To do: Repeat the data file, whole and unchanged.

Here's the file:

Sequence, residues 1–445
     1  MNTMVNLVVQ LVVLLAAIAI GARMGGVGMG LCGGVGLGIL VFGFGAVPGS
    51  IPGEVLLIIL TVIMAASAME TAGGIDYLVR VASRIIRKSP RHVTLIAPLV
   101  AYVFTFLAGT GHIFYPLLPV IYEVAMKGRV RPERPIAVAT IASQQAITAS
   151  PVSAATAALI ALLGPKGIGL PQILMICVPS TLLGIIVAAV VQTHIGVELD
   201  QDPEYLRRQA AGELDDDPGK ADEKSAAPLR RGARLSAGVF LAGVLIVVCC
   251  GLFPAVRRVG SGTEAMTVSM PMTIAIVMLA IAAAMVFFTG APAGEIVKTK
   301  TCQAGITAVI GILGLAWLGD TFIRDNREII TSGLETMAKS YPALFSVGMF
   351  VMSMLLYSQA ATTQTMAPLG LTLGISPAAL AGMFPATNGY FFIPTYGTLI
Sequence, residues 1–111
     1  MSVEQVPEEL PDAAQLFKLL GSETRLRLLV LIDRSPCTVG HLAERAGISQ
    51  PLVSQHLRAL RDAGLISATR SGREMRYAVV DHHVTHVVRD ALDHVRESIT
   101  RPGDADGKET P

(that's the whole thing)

Sequence, residues 1–445
     1  MNTMVNLVVQ LVVLLAAIAI GARMGGVGMG LCGGVGLGIL VFGFGAVPGS
    51  IPGEVLLIIL TVIMAASAME TAGGIDYLVR VASRIIRKSP RHVTLIAPLV
   101  AYVFTFLAGT GHIFYPLLPV IYEVAMKGRV RPERPIAVAT IASQQAITAS
   151  PVSAATAALI ALLGPKGIGL PQILMICVPS TLLGIIVAAV VQTHIGVELD
   201  QDPEYLRRQA AGELDDDPGK ADEKSAAPLR RGARLSAGVF LAGVLIVVCC
   251  GLFPAVRRVG SGTEAMTVSM PMTIAIVMLA IAAAMVFFTG APAGEIVKTK
   301  TCQAGITAVI GILGLAWLGD TFIRDNREII TSGLETMAKS YPALFSVGMF
   351  VMSMLLYSQA ATTQTMAPLG LTLGISPAAL AGMFPATNGY FFIPTYGTLI
Sequence, residues 1–111
     1  MSVEQVPEEL PDAAQLFKLL GSETRLRLLV LIDRSPCTVG HLAERAGISQ
    51  PLVSQHLRAL RDAGLISATR SGREMRYAVV DHHVTHVVRD ALDHVRESIT
   101  RPGDADGKET P